The contemporary French political scene is intensely contradictory, which is one of the reasons it so difficult to comprehend. Insisting on one or other aspect in isolation from the wider context inevitably leads activists and observers to slalom from euphoria to despair in the matter of days or weeks.
Two recent opinion polls sum up this complex and paradoxical reality. One, published in the newspaper Libération a month ago, reported that 63 percent of French people were “hostile to capitalism” and over 50 percent were “sympathetic to socialism”.
But a second poll a few days ago indicated that 73 percent of the population supported ultra?repressive emergency laws brought in by the government in the wake of the riots that swept the country last month.
Other facts could be juxtaposed to illustrate the same point. On the one hand, we have the uprisings in the suburbs — on the other, all recent strike actions have been failures.
On the one hand, the left has been strengthened by the EU referendum result and the right delegitimated — but on the other, Nicolas Sarkozy, the neo?liberal and authoritarian interior minister, has won the initiative and opposition to him is weak and divided.
The unions have suffered internal revolts in the current period, but their bureaucratic leaderships have not lost any of their capacity to undermine and derail rank and file activity.
The Trotskyist presidential candidates — Olivier Besancenot of the Ligue Communiste Révolutionnaire (LCR) and Arlette Laguiller of Lutte Ouvrière — are two of the most popular political personalities in the country.
Nevertheless, the most likely scenario in the 2007 elections will be a head-to-head between Sarkozy and a right wing Socialist Party candidate, both offering similar anti-working class policies.
One could add more contradictions to this list. Most of the left won’t face up seriously to the problem of racism, but the racist right is discussing positive discrimination measures alongside deportations.
The vast majority of the French reject neo?liberalism, yet the consensus for it among the main political parties is stronger than ever. The gap between ordinary people and the political elites has never been so large — but the forces of the far left are not growing significantly and all the main currents have extremely shallow social roots, especially among black and “beur” (North African) youth.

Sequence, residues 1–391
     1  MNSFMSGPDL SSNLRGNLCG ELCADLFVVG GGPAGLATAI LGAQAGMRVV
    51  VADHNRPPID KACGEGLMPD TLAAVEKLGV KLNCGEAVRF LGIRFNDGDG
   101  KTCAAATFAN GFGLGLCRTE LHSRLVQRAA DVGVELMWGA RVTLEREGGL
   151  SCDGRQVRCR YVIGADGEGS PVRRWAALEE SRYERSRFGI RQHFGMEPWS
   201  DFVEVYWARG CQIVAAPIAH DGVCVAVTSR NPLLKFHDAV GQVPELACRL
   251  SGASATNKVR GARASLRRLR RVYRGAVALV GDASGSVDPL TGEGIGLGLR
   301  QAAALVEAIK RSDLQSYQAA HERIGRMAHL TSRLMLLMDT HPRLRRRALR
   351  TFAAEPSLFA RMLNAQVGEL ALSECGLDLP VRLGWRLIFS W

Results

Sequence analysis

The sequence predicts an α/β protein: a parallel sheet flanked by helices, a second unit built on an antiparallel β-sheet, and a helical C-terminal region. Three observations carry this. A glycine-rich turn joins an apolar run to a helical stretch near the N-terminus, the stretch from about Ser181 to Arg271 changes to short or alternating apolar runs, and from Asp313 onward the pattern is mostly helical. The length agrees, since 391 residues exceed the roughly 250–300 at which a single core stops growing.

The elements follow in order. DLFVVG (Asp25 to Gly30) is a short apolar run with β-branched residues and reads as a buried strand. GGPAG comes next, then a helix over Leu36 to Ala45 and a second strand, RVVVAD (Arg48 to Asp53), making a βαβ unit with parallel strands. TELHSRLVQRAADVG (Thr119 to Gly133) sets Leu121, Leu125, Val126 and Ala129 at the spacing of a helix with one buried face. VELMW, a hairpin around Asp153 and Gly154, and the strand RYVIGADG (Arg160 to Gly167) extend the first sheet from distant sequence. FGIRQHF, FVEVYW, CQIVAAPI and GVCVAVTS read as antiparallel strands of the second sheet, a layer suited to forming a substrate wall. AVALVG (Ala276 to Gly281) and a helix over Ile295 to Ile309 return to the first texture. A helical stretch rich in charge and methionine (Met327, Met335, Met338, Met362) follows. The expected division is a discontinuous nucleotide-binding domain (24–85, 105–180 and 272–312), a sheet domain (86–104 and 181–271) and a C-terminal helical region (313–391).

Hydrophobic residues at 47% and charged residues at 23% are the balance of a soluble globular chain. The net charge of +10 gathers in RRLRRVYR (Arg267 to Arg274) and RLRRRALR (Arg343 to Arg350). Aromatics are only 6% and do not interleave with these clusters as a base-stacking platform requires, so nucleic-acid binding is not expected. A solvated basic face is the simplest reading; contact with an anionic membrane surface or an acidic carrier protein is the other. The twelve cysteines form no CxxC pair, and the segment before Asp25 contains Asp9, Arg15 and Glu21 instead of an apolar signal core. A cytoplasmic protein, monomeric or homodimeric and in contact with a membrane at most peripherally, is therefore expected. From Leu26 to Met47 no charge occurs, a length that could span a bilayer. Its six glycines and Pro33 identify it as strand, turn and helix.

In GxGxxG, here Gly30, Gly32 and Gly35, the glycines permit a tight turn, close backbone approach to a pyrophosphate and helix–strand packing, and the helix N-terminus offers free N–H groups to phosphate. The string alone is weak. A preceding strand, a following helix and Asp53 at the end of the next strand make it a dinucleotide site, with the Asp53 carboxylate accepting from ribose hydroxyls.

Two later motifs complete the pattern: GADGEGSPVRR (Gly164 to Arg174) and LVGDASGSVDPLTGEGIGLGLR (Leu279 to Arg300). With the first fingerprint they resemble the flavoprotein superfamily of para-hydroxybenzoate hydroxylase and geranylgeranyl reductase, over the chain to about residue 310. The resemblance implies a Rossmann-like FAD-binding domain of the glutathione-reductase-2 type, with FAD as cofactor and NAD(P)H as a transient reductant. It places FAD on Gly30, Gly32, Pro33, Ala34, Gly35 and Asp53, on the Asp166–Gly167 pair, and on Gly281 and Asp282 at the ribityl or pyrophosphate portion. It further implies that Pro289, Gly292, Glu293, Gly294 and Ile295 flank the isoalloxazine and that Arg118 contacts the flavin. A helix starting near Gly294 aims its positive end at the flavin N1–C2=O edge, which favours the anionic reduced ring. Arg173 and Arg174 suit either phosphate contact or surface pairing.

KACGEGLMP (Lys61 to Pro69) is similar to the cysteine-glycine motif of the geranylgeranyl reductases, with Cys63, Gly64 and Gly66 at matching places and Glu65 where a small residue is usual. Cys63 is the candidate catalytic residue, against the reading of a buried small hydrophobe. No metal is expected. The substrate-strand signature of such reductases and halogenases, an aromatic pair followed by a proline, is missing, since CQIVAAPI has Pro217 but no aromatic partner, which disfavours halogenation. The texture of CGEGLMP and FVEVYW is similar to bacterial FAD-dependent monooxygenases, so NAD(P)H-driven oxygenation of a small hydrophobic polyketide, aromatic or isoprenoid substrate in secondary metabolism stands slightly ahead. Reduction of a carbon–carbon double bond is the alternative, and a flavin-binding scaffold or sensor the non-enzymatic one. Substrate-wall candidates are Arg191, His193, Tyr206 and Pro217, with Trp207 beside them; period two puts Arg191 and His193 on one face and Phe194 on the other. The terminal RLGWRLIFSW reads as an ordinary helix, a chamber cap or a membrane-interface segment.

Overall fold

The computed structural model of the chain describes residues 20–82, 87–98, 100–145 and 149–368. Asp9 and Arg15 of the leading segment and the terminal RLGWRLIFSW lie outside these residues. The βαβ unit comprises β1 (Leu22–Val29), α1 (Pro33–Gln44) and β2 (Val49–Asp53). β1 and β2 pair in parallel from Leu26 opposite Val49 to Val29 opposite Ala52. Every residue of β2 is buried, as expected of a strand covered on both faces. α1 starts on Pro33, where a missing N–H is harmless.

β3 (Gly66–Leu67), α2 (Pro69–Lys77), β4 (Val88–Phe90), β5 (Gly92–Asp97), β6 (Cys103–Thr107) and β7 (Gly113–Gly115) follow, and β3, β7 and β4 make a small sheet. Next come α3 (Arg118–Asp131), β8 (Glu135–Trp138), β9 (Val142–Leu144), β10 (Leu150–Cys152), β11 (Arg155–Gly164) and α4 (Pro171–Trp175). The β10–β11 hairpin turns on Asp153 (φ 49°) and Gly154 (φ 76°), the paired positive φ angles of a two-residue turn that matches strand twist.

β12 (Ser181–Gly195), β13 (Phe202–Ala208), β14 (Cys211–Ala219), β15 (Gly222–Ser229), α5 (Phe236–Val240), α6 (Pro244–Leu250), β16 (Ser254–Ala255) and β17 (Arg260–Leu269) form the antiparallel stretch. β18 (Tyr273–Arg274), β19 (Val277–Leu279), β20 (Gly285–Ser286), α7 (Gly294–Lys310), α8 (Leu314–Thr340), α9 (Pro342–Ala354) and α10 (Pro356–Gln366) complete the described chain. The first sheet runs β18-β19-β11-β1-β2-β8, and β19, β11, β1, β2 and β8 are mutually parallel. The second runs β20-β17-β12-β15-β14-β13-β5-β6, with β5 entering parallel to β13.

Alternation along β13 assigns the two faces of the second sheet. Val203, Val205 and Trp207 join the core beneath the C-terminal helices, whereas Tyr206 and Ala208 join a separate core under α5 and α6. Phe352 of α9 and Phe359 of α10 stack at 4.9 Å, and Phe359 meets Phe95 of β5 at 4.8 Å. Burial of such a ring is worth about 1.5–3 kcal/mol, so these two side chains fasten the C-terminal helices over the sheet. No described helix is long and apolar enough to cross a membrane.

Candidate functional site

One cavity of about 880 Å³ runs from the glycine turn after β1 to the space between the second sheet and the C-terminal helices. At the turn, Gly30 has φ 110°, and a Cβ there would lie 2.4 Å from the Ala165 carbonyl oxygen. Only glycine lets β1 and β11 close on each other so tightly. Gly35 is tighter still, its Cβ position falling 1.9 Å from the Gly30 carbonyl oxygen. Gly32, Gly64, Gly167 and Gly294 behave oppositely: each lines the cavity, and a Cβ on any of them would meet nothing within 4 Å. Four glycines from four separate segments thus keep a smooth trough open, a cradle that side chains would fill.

Of course, these clashing tendencies mean that the political situation is fluid and volatile. That makes it is very difficult to keep one’s balance — which is why all the political forces are in crisis.
The fascist Front National is under severe internal strain, with an ageing leader and new rivals on the far right. The main bourgeois party of the right, the UMP, is torn by rivalries between the Sarkozy and Chirac camps.
On the left, the Socialist Party is now licking its wounds after a November congress that followed months of splits and recrimination. The Communist Party is criss-crossed by divisions between those who want to do a deal with the Socialists in order to save their 12,000 odd deputies, mayors and councillors and those who want at all costs to avoid a repetition of the disaster of the “plural left” experience, when the Communists formed an alliance with the Socialists and Greens.
The LCR is heading towards its next congress in January with no fewer than five internal platforms with different views about what it should be doing. And these cleavages do not just affect political parties — organisations such as Attac and the unions are being pulled into this maelstrom. Only Lutte Ouvrière, with its abstentionist posture of wooden stoicism seems hitherto immune—but for how much longer?
To this confused picture must be added the fact that many of the political actors are unwilling to or incapable of taking clear and principled positions.
For example, on the riots, only the LCR took an unambiguous stance (although this did not necessarily translate into practice). All of the rest of the left and far left were either equivocal or downright reactionary in their attitudes to the young rioters.
In these moving sands, there is an enormous temptation for political currents on all sides to ideologically “hedge their bets”.
This leads to all sorts of bizarre hybrid forms — fascists who oppose “American imperialism”, neo?liberalism with a social conscience, nationalist anti?globalisation, social liberalism, “republican” racism, class struggle orthodox communism, “movementist” electoralism, mixtures of Trotskyism and libertarianism with a dash of Che Guevara...
For the radical left, this context provides immense possibilities for intervening in an innovative and effective manner. Let us hope that we find the solutions soon.
Sebastian Budgen lives in Paris and is a member of the Ligue Communiste Révolutionnaire